The Louisiana Department of Wildlife and Fisheries (LDWF) continues to measure the impacts that the historic flooding event has had on the state’s crucial aquatic life.
Last month, Gov. John Bel Edwards’ requested a federal fisheries disaster declaration which could provide financial assistance to any segment of Louisiana’s fishing industry impacted and can document a proven financial loss.
“Let’s be clear. The request will be for all fisheries, all sectors of those fisheries, all basins along our coast that are experiencing the impacts and where impacts can be documented according to federal thresholds”, said Patrick Banks, LDWF’s assistant secretary for fisheries.
The governor’s letter, Banks said, was a critical first step in the fisheries disaster process. “It simply gave a heads up to the federal government that we have a problem here in Louisiana and, although it mentioned examples, it was meant to be general in nature and it will include all fisheries, all fishing sectors, and all areas of our coast as long as the data support that declaration.”
The impact analysis, in cooperation with the National Oceanic and Atmospheric Association (NOAA), will take months to complete. LDWF emphasizes that the flooding event is ongoing and that damages will likely continue to mount. LDWF cautions against any premature assessment.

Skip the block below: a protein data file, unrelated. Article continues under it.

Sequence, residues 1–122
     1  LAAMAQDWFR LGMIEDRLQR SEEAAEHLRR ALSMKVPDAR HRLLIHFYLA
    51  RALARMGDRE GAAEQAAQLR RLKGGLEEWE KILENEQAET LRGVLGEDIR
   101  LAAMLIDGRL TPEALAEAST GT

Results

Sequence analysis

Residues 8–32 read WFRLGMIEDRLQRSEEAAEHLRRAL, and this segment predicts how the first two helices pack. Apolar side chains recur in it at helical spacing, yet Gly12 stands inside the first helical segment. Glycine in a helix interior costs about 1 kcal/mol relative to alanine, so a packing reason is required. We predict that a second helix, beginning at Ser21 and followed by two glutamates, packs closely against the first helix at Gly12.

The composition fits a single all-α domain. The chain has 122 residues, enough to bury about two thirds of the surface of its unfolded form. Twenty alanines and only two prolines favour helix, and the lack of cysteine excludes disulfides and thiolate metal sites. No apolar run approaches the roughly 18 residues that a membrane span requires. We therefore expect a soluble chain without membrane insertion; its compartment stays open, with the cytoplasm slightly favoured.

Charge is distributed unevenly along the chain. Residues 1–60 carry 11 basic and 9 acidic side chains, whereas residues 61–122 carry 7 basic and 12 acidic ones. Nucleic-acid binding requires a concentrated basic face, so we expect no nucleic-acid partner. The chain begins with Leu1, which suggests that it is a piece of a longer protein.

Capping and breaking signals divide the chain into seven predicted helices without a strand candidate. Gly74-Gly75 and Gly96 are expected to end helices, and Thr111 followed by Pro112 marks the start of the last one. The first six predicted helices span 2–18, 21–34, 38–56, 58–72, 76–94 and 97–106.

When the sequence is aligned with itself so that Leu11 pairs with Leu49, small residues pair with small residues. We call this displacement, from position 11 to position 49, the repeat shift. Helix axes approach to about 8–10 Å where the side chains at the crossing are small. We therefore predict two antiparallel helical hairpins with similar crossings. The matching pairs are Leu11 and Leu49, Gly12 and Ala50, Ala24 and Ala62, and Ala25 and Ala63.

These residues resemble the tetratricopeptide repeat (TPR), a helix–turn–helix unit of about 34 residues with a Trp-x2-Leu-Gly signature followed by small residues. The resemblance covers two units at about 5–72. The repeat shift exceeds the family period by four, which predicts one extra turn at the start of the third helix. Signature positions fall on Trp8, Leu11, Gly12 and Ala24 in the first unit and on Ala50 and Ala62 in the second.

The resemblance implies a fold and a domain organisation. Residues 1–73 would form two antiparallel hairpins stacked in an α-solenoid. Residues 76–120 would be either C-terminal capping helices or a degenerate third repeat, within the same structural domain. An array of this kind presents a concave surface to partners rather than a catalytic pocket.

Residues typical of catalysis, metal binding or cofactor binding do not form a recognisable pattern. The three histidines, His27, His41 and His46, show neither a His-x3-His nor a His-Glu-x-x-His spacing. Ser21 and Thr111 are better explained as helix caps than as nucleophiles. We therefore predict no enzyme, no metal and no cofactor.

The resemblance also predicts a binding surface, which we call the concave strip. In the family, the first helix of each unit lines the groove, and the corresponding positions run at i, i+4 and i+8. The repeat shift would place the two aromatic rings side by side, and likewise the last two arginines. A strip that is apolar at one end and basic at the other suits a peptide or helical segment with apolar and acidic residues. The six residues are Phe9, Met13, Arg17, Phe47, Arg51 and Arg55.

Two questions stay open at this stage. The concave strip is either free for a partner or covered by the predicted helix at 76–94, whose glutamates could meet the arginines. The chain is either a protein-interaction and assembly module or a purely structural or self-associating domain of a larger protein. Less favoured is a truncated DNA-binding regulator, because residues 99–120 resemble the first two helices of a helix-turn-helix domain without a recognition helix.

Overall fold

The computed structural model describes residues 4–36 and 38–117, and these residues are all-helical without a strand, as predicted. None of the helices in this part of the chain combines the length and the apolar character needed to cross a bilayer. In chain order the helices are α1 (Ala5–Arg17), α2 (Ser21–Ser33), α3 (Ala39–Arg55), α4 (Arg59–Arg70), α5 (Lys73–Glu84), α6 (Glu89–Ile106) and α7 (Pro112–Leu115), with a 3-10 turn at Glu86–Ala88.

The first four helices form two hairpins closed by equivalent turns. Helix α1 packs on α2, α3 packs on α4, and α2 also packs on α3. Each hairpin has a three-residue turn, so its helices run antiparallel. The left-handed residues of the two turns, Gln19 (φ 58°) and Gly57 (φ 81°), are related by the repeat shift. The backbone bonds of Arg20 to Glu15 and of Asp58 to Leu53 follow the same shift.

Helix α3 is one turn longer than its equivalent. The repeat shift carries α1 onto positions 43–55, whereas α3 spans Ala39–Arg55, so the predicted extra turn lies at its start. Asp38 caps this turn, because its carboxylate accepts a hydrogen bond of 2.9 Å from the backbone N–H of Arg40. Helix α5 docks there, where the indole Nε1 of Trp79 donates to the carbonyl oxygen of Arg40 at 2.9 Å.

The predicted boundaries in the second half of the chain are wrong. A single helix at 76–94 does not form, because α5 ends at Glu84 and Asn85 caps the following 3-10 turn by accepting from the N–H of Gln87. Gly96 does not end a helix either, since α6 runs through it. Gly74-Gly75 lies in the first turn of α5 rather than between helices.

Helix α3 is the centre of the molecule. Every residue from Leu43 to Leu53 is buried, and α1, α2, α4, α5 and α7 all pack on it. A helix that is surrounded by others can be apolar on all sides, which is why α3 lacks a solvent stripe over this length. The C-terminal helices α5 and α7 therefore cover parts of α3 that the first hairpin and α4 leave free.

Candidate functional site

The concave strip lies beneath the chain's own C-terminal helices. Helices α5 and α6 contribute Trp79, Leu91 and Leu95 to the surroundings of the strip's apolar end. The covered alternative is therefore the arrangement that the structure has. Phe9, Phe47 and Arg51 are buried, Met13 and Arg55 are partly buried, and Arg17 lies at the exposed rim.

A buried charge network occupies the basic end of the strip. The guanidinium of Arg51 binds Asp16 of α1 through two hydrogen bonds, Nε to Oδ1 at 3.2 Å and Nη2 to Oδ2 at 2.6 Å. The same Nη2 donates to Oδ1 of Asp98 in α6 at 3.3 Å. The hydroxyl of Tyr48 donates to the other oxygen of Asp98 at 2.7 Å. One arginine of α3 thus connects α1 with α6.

LDWF has already documented losses to oysters, crabs, shrimp, fish and finfish over the past several months. (Preliminary sampling results as of June 28, 2019, are available here)
However, there are variables that could affect the timing of federal monetary assistance.
“Certainly, we welcome the help of local parish governments to request that federal fisheries disaster declaration and to request Congress to appropriate funding to help our fishermen rebound from this,” Banks said. “But, ultimately the timing is up to the United State Congress to appropriate that money.”
To that end, Congress could decide at any moment, even before an official application is made, provide some financial assistance to those affected. “I’m sure Secretary (Jack) Montoucet at his agency and Gov. Edwards would absolutely support that,” Banks said.
LDWF will continue to collect the data and once completed, it will be submitted to NOAA for its inspection.
An interview with Assistant Secretary Patrick Banks and b-roll footage is available for use by media outlets here: https://ldwf.canto.com/v/2019FisheriesFloodImpacts
The Louisiana Department of Wildlife and Fisheries is charged with managing and protecting Louisiana’s abundant natural resources. For more information, visit us atwww.wlf.la.gov. To receive email alerts, signup at http://www.wlf.la.gov/signup.